Even on your had days – and you’re going to have them – you need to keep the faith in your new stroke and your ability to hole putts. Because all you have to do is hole the next few and your average isn’t any worse than anyone else ‘s (or what you were doing with your old stroke). But very soon when your improved putting abilities start taking hold and your feel green-reading pure-in-line-square stroke and confidence all start paying dividends you will start to putt better. Really better. Measurably better. Lower scores better. But only if you keep on grooving and improving and polishing those building blocks of your putting game. I’ve discovered a telltale sign of a Tour pro in putting trouble. I ask “How’s your stroke? ” and he (or she) answers “Which one? “

Great putters don’t give up and change strokes every time they miss a few putts. Great putters almost make every putt even though they (like the rest of us) miss a lot more than they make. But all great putters have a stroke that they are committed to perfecting and they spend their careers working on it to make it better. I can’t think of a better example of this than Loren Roberts the “Boss of the Moss” on the PGA Tour (Figure 13.4.14). If you’ve seen him putt once you’ve seen him putt every time because that’s his stroke (it’s a great one) and will continue to he for as long as he plays.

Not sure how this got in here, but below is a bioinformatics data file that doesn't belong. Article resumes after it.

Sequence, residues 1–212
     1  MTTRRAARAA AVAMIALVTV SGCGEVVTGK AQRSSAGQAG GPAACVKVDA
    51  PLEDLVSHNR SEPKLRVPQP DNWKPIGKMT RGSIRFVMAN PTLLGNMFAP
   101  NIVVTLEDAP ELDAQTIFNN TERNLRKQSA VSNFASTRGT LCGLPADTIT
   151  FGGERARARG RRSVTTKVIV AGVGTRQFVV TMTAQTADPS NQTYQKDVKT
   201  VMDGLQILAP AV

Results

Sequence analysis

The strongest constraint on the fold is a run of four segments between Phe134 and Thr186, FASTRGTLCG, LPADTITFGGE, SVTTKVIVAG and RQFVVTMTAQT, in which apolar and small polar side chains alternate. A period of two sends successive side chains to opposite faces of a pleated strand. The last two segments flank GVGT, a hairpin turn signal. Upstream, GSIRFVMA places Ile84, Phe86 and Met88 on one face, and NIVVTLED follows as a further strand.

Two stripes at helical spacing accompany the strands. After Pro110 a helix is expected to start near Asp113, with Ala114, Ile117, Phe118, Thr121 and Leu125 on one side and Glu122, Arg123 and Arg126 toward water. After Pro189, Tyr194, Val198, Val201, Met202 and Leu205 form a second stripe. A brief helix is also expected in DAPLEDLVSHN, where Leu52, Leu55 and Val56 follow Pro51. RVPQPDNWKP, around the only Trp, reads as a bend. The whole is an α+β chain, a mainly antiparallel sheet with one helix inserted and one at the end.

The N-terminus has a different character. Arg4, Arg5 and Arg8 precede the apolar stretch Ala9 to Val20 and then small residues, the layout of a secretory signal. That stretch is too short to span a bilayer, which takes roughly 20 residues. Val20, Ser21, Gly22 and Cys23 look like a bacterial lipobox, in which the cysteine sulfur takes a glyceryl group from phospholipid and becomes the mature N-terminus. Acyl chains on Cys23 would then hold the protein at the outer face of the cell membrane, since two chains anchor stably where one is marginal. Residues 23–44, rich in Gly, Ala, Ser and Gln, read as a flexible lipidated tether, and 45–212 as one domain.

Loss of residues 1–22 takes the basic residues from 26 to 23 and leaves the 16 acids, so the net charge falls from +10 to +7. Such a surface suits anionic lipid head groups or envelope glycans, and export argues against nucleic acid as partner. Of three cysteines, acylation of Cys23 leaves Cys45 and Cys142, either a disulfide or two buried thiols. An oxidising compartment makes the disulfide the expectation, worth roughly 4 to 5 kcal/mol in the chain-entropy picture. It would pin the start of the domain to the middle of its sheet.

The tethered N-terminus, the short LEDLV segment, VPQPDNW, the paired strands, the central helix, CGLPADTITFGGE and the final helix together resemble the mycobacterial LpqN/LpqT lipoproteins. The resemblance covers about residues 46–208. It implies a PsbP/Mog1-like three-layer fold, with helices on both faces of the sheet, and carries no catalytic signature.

Build Confidence

Success breeds success. That does not mean that if you make 6 billion one-foot putts in a row your confidence will soar and you’ll become a great putter. To build true confidence in putting you need to learn the feel of a great stroke practice making lots of putts with that stroke then experience making lots of putts on the

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The Long Drive Bible: How You Can Hit the Ball Longer, Straighter, and More Consistently

Extract from the book:

Look next at the top of Figure 2.6.5 which shows how far the same five balls will roll on an uphill putt (released from the True Roller each with the same energy as before). The uphill putts stop closer together (the distance between the longest and shortest balls is 7.5 feet) indicating that on uphill putts balls tend to roll closer to the same distance. This means the roll of an uphill putt is less sensitive to the length of the stroke than putts on a level surface. The lesson is that even if you don’t hit all of your uphill putts the right speed be sure to get them past the hole.

Problems on the Greens 25